Creative Destruction Lab (CDL) has launched a new program to focus on rapidly transforming tech innovations to aid in the current global crisis.

Called CDL Recovery, the program is designed to turn innovations into useful products and services for areas of public health and economic recovery. The idea is to “anticipate and address” some of the most pressing needs that will arise over the next six to eighteen months.

“Industry leaders…express the need to assume a wartime footing in response to COVID-19. Thus, our launch of CDL Recovery.”

“Novel crises require novel responses,” said Ajay Agrawal, professor at the University of Toronto’s Rotman School of Management and founder of the Creative Destruction Lab. “Novel responses require innovation, often predicated on insights from science … today, many industry leaders, policy-makers, and academics express the need to assume a wartime footing in response to COVID-19. Thus, our launch of CDL Recovery.”

The program is for individuals and teams developing innovations that can directly address critical health or economic recovery challenges created by COVID-19. It will follow the traditional CDL program structure and is open to all types of innovative teams, including startups, corporations, informal collaborations, sole inventors, social impact ventures, and not-for-profit initiatives. CDL noted that the structure of CDL Recovery will be “at twice the regular cadence” compared to its other programs.

CDL Recovery is being supported by Scale AI, the Montreal-based Supercluster funded through the Government of Canada. CDL noted that Scale AI’s support will bolster the program’s capacity “to respond nimbly” to current evolving needs, scaling products, and services, getting these to market “as quickly as possible.”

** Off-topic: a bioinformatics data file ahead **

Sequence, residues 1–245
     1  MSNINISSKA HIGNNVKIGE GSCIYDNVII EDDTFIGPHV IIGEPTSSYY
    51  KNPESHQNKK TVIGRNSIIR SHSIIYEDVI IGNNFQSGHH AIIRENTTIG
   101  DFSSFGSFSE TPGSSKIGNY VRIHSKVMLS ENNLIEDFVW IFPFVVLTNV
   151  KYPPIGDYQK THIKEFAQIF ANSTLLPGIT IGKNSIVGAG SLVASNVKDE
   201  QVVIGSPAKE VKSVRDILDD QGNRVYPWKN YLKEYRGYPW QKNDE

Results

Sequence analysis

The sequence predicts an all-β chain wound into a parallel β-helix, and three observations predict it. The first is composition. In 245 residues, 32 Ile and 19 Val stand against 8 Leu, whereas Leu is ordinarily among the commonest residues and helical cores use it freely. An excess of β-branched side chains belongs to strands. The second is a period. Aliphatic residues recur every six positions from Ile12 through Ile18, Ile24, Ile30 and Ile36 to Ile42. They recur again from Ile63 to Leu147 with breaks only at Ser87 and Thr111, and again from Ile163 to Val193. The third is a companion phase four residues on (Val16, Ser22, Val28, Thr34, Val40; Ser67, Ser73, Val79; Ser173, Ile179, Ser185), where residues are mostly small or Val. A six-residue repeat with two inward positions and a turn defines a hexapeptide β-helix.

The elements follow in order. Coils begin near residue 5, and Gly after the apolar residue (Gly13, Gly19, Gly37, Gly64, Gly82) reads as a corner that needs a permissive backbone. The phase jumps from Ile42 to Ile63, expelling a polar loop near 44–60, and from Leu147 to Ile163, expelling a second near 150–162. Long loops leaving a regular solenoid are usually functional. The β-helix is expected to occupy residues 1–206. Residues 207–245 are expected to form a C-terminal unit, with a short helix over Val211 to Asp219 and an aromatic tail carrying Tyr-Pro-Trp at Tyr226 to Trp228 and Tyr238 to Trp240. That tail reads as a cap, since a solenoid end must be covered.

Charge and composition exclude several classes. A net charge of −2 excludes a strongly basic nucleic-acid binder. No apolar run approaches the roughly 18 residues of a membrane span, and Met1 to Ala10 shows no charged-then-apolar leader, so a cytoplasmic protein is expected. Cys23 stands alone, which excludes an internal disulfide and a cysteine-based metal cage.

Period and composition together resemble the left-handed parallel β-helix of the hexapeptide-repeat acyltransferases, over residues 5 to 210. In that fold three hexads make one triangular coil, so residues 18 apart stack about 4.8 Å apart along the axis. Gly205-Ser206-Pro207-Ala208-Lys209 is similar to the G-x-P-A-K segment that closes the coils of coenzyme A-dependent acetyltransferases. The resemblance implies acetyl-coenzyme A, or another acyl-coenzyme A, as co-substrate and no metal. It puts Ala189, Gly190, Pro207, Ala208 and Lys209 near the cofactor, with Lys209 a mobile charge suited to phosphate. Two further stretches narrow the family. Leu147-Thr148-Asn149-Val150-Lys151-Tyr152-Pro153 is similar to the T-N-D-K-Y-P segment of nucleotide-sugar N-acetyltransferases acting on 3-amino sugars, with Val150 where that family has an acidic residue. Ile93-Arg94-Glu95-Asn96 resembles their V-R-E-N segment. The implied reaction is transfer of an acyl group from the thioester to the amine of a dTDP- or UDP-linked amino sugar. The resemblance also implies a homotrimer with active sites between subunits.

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CDL highlighted areas like diagnostic tests, vaccines, remote treatments, telemedicine, virtual works, retraining, remote operation, automation, and food supply, as potential areas to address.

Once the cohort is chosen, CDL Recovery will host “objective-setting” sessions between April and August.

CDL is a not-for-profit program focused on seed-stage science- and technology-based companies. Founded in 2012 by Agrawal at the University of Toronto, CDL typically offers a nine-month program that pairs founders with experienced entrepreneurs and investors. CDL has expanded to more than eight cities including Vancouver, Calgary, Montreal, Halifax, Oxford, Paris, and most recently Atlanta.

Applications for CDL Recovery are currently open.

StartUp HERE Toronto is a publishing partner of Betakit and this article was originally published on their site.